Biting

Monday, September 02, 2013

Biting is fairly common behavior in young children, but when does it become a problem and what steps can be taken to stop it? Dr. Edward Hill discusses this subject in todays 60 Second Housecall.

Dr. Hill:

Biting behavior in young children is a cause of concern for parents and child caregivers.

Most children younger than age three bite someone else at least once. For young children, biting is not always intentional and rarely causes serious injury or poses any health risks.

Children may bite for a variety of reasons. Infants may bite because of mouth discomfort when they are teething. Older toddlers may bite out of frustration or anger. A child of any age who frequently bites other children may need special arrangements for day care.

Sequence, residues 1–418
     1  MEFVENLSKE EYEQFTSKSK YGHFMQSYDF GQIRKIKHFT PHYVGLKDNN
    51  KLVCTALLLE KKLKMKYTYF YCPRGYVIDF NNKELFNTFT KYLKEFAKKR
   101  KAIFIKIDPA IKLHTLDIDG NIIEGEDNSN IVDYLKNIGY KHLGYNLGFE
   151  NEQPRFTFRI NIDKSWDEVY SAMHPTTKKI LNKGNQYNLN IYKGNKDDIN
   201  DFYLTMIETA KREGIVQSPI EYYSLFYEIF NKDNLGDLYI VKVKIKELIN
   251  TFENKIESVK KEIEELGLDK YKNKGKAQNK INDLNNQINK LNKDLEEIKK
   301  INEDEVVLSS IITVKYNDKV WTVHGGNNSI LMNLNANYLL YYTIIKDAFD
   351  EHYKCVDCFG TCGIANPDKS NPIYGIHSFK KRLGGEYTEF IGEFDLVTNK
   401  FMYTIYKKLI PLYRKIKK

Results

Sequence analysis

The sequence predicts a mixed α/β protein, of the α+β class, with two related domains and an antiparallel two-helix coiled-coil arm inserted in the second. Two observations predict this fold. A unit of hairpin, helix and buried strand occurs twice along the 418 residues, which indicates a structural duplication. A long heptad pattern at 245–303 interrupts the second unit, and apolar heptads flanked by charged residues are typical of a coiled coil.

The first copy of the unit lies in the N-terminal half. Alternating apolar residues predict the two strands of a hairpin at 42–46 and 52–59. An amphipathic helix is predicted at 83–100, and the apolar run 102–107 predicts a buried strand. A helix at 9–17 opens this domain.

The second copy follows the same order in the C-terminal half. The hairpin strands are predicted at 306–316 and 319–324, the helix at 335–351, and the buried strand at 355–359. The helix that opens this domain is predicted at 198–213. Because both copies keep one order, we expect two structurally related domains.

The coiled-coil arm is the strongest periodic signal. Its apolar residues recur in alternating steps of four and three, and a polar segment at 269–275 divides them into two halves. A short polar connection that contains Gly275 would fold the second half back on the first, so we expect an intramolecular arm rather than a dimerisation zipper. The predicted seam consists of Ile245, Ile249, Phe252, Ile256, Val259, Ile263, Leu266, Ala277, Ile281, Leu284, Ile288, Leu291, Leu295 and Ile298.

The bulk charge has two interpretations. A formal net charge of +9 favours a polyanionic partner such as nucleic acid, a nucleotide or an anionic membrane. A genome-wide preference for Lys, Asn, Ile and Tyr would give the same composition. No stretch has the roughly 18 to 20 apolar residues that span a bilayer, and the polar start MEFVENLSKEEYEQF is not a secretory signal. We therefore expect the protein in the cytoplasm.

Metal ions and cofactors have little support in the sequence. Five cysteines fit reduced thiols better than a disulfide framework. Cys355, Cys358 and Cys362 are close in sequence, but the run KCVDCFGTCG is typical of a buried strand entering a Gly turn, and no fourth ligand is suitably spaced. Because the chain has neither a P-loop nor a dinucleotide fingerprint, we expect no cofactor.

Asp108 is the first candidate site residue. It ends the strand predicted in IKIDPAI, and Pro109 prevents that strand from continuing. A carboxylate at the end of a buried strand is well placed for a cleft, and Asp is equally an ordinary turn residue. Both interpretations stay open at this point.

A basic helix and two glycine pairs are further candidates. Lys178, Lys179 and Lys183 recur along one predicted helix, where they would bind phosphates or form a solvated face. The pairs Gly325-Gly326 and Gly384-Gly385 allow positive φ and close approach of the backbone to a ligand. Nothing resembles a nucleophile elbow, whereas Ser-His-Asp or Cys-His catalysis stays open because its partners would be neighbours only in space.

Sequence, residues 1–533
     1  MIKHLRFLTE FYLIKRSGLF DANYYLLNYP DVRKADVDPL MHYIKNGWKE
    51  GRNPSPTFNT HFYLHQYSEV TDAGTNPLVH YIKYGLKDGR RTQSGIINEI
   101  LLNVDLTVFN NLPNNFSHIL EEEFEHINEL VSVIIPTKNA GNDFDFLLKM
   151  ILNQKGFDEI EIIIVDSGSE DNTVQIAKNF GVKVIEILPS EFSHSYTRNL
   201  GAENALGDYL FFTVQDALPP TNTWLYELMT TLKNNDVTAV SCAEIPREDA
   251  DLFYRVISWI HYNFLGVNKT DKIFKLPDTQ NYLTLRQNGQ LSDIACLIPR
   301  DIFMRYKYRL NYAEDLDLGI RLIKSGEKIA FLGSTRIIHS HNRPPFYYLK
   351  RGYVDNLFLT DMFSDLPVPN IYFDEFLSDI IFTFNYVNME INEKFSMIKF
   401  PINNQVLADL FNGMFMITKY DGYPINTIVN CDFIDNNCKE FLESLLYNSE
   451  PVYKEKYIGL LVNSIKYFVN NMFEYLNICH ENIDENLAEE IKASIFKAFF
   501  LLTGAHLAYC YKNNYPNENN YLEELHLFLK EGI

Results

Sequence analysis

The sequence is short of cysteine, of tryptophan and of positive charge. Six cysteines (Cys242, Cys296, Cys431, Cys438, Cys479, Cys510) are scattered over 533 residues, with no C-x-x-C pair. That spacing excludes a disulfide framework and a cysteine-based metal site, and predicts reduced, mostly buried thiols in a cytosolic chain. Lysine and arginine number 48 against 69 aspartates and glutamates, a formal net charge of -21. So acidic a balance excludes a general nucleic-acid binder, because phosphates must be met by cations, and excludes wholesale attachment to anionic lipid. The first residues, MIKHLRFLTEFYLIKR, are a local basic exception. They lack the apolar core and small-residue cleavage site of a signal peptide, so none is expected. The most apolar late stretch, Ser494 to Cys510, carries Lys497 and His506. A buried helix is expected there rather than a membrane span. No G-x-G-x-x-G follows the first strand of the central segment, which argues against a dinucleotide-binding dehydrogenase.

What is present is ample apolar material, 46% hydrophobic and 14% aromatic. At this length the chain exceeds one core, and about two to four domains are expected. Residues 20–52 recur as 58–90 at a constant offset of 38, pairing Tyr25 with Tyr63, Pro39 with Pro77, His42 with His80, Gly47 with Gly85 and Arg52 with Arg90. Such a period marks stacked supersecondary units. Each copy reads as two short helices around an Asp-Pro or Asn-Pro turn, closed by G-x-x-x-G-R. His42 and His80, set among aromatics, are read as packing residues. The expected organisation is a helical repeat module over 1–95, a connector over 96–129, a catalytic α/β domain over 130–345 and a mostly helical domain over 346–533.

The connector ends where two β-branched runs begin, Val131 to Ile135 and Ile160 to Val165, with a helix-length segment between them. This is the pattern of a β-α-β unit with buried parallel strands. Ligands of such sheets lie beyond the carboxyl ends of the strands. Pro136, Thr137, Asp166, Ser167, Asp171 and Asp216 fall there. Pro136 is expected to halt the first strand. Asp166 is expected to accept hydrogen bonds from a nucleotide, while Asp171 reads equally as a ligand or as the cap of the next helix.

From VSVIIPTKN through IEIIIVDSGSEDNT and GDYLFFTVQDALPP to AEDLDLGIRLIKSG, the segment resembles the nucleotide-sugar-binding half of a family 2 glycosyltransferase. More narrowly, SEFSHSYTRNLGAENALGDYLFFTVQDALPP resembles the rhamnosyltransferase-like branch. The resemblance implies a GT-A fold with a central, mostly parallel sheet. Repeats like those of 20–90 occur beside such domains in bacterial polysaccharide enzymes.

Biting in young children usually does not lead to behavior problems at a later age. Children who persistently bite and show other aggressive behaviors may have other health or emotional issues.

Most children stop biting on their own. Children older than 3 who frequently bite other people may need to be seen by a health professional. This type of biting may be a sign that a child has problems expressing feelings or with self-control.

For North Mississippi Medical Center, Im Dr. Edward Hill.